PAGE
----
Wisconsin brothers Harry and Roy Aitken - Silent Film Pioneers | Wisconsin Historical Society

Feature Story

Wisconsin Brothers Become Early 20th Century Motion Picture Pioneers

Wisconsin brothers Harry and Roy Aitken - Silent Film Pioneers | Wisconsin Historical Society
EnlargeFilm Still The Girl and the Mummy, 1916. WHI 92739.

Film Still from 'The Girl and the Mummy', 1916

This film still depicts an actress wrapped as a mummy. View the original source document: WHI 92739

EnlargeBoss of the Lazy 'Y', 1918. WHI 92160.

Film Still from 'Boss of the Lazy 'Y', 1918

This film still depicts Actress Josie Sedgwick as Betty Clayton and six other men, some with guns, holed up in a ranch house, shooting toward a window. One of the men stands with arm across his forehead, and another man holds Betty by the wrist. View the original source document: WHI 92160

EnlargeBattle scene from film, soldiers and KKK. WHI 96565.

Film Still from 'Birth of a Nation', 1915

This film still depicts a street battle between African-American soldiers on foot and members of the Ku Klux Klan on horseback. View the original source document: WHI 96565

By Rick Pifer, Director of Public Services for the Library and Archives

What do a mummy, a western gunfight, and the Ku Klux Klan have in common? They are all in films produced by Wisconsin-born silent film pioneers Harry and Roy Aitken.

Documentation about these films, "The Girl and the Mummy" (1916), "Boss of the Lazy 'Y'" (1918), and the racially charged "The Birth of a Nation" (1915) can be found in the Harry and Roy Aitken Papers in the Society's Archives.

'The Clodhopper', 1917

Watch a three-minute clip from this silent film directed by Victor Scherzinger for Kay-Bee (a unit of the New York Motion Picture Corporation) and released by Triangle. In this scene, a country boy proves a surprise sensation at a New York cabaret with his eccentric dancing, including his signature "Clodhopper Glide." Source: Wisconsin Center for Film and Theatre Research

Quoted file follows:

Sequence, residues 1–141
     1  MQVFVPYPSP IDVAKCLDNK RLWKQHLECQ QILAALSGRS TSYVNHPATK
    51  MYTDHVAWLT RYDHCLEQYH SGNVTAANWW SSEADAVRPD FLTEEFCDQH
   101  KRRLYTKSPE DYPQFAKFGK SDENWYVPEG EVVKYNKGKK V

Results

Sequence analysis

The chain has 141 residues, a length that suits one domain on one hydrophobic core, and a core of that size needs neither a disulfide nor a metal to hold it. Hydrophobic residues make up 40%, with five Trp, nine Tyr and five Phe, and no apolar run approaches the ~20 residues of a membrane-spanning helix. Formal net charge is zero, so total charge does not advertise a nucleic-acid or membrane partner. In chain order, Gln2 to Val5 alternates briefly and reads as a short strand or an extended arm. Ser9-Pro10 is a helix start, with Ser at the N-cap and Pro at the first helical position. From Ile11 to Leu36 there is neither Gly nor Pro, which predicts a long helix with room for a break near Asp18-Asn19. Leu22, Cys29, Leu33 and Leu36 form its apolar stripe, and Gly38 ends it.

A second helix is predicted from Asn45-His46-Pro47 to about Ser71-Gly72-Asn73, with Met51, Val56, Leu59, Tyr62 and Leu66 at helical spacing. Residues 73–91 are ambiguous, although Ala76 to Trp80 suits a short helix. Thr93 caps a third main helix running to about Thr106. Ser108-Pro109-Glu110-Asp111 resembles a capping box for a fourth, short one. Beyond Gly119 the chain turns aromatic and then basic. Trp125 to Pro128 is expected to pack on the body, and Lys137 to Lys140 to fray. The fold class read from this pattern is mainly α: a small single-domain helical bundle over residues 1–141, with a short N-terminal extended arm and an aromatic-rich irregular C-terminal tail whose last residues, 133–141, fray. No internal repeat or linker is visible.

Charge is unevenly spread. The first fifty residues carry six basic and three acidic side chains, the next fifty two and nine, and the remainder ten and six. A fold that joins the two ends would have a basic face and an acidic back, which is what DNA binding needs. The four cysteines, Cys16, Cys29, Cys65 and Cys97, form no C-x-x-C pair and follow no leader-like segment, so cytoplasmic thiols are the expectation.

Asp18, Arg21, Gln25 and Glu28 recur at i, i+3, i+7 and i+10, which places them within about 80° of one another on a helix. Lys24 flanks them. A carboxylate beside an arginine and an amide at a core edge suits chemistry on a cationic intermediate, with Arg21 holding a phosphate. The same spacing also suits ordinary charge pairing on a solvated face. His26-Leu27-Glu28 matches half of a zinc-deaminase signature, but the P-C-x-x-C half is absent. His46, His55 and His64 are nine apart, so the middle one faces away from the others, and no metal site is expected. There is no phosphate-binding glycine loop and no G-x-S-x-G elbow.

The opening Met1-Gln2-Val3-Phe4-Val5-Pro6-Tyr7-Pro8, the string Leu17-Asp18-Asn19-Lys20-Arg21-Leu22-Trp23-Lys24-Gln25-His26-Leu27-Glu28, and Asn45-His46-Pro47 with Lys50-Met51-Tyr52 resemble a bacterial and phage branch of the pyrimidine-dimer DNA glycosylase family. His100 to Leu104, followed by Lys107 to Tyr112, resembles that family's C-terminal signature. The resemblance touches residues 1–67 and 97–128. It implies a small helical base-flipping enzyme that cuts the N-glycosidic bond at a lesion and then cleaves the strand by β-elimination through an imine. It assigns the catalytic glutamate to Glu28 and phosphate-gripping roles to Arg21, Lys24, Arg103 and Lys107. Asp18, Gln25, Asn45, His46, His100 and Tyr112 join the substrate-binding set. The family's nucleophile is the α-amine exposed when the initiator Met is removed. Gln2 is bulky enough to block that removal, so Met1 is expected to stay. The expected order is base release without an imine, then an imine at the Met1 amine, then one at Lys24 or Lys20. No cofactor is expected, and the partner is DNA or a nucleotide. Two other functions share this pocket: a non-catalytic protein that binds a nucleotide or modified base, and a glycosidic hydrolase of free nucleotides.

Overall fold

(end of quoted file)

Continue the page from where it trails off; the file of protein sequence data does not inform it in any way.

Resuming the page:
Harry (1878-1956) and Roy (1882-1978) Aitken grew up on a farm in Waukesha County, Wisconsin. They entered the film business in 1905 when they established four nickelodeons in downtown Chicago. Nickelodeons were small storefront movie theaters showing the one-reel silent films of the day. On that foundation, the brothers went on to build one of the earliest Hollywood production companies.

Between 1910 and 1920, the brothers formed and financed a number of major film studios, including Majestic, Reliance, Keystone, Fine Arts, New York Motion Pictures and its subsidiaries, Broncho, Domino, and Kay-Bee.

The film industry went through a revolution during the 1910s as filmmakers refined their techniques and business and marketing became more sophisticated. The Harry and Roy Aitken Papers, 1909-1940, includes materials on all aspects of production, distribution, and financing. The collection also offers a rich resource of scripts and scenarios for approximately 150 silent films produced by the brothers.

The Aitken brothers were prolific in the film industry, producing an estimated 2,500 films. Their film portfolio includes Westerns, melodramas, and comedies (many feature the Keystone Cops).

They employed luminaries of the silent film era such as Anita Loos, D.W. Griffith, William S. Hart, Mae Marsh, Dorothy and Lillian Gish, Thomas Ince, Harold Lloyd, Billie Burke, Mack Sennett, Charles Ray, Douglas Fairbanks, Dorothy Dalton, Hedda Hopper, Mary Pickford, and Gloria Swanson.

Charlie Chaplin appeared in 39 films for the Aitken brothers. Three of his films released in 1914, "Caught in a Cabaret", "Dough and Dynamite", and "His Trysting Place", are in the Harry and Roy Aitken collection.

Between 1914 and 1917, the Aitken studio at 4500 Sunset Boulevard, Los Angeles, California, produced films that were released as Majestic Motion Pictures, Reliance Motion Pictures, Komic Films, and D.W. Griffith Productions.

Under the name Fine Arts Films, D. W. Griffith and Harry Aitken produced "The Birth of a Nation" at the Aitken studio. This racially charged movie about the Civil War and postwar reconstruction in the South is considered the first American feature film. The studio’s financial records document this and other films produced at the studio.

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